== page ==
I don’t have kids so, to be honest, the world beyond my time in it doesn’t concern me all that much though a harmonious, reasoned, and sustainable legacy holds appeal. I do however find it more than a bit sad that people who have kids wouldn’t care or would continue to put their own self-interest at the forefront when it means leveraging their kids future to do so – particularly when faced with a clear choice.

flutherother's avatar

Yes, I think about this often but I don’t think our society does. It doesn’t look further ahead than three or four years. We think about the stocks and shares we will leave to our children but rarely consider the world they will inherit. We are very short sighted that way. I find it a little odd.

Hawaii_Jake's avatar

As other people have posted, I have an ordinary amount of concern, but there’s really not a hell of a lot I can do about it. I teach my children to respect others by being kind and the planet by doing things like recycling.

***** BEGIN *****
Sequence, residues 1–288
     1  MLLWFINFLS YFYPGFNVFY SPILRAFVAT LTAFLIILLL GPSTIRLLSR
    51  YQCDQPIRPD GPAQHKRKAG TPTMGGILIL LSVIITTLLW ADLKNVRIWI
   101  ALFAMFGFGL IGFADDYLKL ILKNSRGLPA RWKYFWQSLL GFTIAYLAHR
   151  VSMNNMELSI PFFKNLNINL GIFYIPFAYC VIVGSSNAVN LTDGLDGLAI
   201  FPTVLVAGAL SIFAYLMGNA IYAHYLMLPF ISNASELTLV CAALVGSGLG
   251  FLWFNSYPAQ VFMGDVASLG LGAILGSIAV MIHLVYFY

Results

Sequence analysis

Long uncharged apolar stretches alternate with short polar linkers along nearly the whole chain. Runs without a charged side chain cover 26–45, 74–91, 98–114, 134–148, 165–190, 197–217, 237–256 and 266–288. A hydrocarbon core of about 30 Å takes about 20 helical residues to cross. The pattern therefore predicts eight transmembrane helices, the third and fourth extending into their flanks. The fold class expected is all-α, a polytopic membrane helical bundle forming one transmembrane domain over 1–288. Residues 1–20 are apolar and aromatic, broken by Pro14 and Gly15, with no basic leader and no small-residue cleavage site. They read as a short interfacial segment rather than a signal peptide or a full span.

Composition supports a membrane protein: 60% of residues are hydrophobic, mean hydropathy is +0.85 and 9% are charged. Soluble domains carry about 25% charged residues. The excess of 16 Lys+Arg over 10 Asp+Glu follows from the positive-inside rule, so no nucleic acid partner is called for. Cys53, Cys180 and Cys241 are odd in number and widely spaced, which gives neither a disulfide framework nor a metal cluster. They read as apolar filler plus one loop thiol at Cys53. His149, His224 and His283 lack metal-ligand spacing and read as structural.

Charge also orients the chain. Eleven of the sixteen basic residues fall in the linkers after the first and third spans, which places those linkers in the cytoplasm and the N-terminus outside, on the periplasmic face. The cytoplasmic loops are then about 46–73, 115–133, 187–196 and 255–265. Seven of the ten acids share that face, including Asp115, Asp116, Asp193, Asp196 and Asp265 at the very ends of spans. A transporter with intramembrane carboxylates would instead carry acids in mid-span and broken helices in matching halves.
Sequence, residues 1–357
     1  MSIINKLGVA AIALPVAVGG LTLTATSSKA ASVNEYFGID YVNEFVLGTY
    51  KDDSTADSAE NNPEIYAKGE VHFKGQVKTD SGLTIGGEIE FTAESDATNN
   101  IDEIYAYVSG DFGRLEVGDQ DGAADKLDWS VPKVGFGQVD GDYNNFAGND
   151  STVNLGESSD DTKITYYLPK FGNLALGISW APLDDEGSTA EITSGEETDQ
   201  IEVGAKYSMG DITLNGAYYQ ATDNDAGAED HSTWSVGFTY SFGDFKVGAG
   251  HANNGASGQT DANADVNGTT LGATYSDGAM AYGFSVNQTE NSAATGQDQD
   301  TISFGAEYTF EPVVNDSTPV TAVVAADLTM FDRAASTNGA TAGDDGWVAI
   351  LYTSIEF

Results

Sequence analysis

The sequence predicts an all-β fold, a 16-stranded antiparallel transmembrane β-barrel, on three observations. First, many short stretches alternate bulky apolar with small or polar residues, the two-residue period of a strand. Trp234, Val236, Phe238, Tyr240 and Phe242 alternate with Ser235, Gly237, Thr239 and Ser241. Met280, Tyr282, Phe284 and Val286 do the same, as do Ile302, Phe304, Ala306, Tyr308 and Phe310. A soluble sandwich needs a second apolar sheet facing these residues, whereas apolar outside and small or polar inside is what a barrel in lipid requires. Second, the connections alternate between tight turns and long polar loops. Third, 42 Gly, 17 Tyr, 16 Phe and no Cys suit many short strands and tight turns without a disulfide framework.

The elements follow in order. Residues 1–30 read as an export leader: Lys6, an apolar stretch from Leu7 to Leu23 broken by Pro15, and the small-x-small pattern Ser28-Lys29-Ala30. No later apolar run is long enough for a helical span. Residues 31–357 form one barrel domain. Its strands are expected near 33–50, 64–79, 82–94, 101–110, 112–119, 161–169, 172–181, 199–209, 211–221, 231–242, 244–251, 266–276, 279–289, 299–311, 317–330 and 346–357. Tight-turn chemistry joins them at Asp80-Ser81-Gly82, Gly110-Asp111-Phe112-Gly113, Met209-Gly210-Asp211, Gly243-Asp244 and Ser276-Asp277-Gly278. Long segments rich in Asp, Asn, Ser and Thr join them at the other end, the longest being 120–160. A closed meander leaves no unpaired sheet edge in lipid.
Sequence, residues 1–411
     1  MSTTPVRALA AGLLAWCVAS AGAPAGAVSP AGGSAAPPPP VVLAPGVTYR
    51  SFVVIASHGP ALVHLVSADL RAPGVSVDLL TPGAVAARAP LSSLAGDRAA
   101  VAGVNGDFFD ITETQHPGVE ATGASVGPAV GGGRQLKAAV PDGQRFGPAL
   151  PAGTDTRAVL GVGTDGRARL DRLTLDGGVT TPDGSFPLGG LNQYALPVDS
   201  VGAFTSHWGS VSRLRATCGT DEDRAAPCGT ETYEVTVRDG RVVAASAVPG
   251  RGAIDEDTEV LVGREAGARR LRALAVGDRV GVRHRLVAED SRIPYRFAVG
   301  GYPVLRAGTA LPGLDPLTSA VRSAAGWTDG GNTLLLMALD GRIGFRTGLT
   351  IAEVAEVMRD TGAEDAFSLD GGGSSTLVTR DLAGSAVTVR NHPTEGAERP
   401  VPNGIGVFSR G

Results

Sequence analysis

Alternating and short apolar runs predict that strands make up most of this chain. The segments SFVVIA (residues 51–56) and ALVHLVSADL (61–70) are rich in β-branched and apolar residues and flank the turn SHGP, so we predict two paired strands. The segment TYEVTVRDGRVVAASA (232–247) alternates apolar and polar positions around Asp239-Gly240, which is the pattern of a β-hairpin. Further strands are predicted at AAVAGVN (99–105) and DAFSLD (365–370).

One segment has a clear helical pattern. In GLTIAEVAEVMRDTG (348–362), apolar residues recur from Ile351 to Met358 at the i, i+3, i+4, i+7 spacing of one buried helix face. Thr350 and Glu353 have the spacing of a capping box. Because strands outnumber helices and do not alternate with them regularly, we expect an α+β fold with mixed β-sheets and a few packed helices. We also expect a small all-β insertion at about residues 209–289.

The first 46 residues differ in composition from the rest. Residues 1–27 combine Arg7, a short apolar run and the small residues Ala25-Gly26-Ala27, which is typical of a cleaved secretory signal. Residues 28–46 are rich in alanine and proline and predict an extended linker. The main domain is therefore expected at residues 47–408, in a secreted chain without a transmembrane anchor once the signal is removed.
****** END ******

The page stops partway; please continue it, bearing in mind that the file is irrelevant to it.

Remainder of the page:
I hope they will have happy productive lives in their chosen fields. My son is busy studying for the ASVAB for the army. I have a daughter in high school who’s a theater technician and loves it and hopes to get into the technical side of making movies. And I have another daughter in intermediate school who is still blossoming. There’s no telling what she’ll end up doing.